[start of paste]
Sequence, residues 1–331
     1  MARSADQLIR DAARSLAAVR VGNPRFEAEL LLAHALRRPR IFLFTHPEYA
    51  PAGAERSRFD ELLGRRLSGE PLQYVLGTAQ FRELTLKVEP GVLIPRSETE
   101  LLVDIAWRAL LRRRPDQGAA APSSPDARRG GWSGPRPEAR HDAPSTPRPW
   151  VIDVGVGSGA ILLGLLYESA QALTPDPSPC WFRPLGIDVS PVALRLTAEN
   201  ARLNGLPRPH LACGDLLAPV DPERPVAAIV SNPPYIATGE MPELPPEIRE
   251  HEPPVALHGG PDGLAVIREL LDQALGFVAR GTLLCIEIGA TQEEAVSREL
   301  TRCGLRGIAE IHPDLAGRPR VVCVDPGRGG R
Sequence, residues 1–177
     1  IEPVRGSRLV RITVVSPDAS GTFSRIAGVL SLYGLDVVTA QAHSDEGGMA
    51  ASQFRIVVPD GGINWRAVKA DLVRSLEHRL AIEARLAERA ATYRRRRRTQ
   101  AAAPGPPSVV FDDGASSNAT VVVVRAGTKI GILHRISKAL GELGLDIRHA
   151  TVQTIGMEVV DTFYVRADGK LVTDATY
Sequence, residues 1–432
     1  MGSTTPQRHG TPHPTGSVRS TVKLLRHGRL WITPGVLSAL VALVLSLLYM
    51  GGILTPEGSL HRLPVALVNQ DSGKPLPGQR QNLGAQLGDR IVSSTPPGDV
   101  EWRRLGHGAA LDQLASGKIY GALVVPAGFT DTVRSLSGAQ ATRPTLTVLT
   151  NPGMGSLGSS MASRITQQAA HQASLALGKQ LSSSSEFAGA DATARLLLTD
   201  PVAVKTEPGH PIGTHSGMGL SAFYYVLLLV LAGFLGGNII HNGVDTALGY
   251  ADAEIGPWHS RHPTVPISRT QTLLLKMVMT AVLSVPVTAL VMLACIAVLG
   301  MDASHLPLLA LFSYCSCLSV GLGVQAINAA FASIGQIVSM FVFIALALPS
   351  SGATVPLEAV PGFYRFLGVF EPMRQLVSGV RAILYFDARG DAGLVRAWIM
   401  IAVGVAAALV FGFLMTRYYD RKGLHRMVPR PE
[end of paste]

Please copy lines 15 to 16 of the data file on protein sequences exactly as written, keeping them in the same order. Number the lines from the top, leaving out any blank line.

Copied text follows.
     1  MGSTTPQRHG TPHPTGSVRS TVKLLRHGRL WITPGVLSAL VALVLSLLYM
    51  GGILTPEGSL HRLPVALVNQ DSGKPLPGQR QNLGAQLGDR IVSSTPPGDV